Use Job Descriptions for Mentoring
Written by Idea File Staff
Well-written job descriptions are like fences providing defined boundaries for what is inside and outside the enclosure. For students, job descriptions define their role on the yearbook staff and help them meet the expectations of their position. But the descriptions also aid advisers, who can use them to develop their staffs and ensure goals are accomplished.
“Having specific, targeted responsibilities enables a student to go about curbing his direction so it becomes focused,” said Sandy Jacoby, adviser at G.N. Tremper High School, Kenosha, Wis. “If there aren’t any job descriptions, and they don’t know what’s expected of them, it may lead to a different outcome.”
However, Jacoby augments a written job description with a face-to-face discussion with each staff member that provides an opportunity to mentor the student and help them grow through the year.
Talking through the job duties can help students set and understand their goals. She walks through each of the tasks the student needs to perform so he can reach the larger targeted goals set out in their job description.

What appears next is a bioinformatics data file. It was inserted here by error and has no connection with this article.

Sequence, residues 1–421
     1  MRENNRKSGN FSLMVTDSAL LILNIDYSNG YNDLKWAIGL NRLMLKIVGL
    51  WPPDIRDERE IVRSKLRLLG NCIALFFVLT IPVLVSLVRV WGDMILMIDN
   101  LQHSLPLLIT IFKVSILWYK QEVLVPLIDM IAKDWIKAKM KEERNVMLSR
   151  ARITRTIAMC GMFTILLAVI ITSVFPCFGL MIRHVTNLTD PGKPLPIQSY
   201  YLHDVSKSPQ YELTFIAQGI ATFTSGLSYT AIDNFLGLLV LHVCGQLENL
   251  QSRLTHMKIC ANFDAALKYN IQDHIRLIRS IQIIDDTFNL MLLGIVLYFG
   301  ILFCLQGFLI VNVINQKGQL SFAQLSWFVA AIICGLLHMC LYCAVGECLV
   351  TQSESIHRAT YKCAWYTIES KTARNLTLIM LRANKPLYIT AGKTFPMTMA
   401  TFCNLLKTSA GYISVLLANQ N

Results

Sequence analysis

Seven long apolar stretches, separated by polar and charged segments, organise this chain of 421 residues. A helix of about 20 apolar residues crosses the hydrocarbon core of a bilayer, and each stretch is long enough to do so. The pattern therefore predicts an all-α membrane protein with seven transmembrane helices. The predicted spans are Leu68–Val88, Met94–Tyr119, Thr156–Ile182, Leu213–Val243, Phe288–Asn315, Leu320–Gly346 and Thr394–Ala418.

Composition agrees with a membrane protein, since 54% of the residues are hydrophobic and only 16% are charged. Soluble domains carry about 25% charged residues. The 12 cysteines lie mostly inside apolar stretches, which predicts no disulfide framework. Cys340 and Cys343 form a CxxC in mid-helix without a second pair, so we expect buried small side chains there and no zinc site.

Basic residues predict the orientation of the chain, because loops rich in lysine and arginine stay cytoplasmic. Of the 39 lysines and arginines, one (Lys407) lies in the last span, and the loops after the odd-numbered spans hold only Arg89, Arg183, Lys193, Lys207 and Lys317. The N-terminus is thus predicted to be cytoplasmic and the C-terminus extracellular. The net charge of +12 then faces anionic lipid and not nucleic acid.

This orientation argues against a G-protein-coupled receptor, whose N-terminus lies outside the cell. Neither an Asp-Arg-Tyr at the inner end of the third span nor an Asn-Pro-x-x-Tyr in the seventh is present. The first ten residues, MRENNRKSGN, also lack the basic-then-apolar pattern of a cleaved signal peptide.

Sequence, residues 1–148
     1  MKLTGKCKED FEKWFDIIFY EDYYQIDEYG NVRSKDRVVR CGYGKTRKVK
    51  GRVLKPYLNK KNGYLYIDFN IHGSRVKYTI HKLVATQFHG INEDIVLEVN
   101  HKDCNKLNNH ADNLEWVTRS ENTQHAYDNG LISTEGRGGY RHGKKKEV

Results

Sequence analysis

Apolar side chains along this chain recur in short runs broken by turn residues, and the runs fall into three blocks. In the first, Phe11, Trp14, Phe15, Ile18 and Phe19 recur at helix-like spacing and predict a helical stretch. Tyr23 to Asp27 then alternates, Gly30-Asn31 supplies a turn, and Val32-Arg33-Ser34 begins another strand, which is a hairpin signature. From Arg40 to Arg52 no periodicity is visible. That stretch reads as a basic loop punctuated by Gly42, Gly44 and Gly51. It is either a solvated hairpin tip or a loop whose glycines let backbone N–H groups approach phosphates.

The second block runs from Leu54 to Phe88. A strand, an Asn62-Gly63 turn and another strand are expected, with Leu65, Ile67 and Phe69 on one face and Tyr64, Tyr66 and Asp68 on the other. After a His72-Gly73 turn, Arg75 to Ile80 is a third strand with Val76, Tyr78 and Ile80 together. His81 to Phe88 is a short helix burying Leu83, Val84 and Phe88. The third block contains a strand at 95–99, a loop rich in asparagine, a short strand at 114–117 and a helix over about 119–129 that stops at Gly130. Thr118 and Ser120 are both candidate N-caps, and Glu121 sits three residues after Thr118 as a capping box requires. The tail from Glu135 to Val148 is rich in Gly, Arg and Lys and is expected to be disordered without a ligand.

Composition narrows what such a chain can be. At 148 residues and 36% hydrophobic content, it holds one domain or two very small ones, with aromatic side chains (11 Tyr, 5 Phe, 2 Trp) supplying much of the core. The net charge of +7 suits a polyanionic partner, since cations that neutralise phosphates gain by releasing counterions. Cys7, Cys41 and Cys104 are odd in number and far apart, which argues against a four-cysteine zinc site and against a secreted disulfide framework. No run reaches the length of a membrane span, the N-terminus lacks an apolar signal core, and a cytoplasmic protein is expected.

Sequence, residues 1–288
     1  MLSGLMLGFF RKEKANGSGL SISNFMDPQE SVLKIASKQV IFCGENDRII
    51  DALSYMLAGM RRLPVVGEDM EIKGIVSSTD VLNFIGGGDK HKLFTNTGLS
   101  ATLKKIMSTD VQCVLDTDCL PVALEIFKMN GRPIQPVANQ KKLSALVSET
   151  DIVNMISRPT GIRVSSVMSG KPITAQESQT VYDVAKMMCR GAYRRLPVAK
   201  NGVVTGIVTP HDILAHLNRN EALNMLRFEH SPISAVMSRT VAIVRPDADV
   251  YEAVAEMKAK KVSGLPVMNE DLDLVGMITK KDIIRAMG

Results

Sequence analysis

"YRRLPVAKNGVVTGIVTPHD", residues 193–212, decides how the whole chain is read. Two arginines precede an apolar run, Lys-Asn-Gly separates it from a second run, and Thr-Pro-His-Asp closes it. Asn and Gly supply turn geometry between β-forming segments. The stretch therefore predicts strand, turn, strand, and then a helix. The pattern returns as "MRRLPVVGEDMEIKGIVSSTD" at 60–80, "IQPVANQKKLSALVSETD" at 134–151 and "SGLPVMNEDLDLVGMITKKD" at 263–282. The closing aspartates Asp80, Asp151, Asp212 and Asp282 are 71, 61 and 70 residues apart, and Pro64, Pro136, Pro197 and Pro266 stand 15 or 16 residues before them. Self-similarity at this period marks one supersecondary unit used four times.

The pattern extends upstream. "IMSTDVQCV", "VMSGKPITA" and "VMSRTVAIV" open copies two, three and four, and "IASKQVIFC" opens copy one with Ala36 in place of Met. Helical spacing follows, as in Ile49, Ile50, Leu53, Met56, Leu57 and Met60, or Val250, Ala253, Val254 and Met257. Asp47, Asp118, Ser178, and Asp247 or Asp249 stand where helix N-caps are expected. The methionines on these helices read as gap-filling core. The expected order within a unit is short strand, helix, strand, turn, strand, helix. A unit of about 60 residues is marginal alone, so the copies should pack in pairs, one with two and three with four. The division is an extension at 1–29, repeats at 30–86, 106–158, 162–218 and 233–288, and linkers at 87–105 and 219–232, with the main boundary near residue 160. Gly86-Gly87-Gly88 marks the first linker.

For example, if the editor-in-chief is required to check every page, what does that specifically mean? What are the procedures the adviser expects the editor-in-chief to follow to get that accomplished? When people know up front what is required of them, they are more likely to be successful and not disenchanted, Jacoby said.
“Yearbook is the best way to help young people establish goals and to create something lasting,” she said.
Talking with students individually opens a greater rapport. Jacoby said teenagers have a natural defense mechanism — they do not listen to adults. With a staff of approximately 50 students each year, these discussions allow her to spend time with each student, break down that barrier, and use the job description to further delve into the purposes behind the job title.
“These things have to be tempered with the relationship with each individual and who they are,” Jacoby said.
She encourages new advisers to examine the many different ways of leading a staff because they will have to find their own style of management. They need to take into account their school, their students and their product.
“Is it the people or the book? Sometimes we forget the reasons we choose to do this. It is about advisers mentoring teens, mentoring students,” she said. “If you lose sight of that as an adviser you can’t continue, if you don’t connect with them in that way.”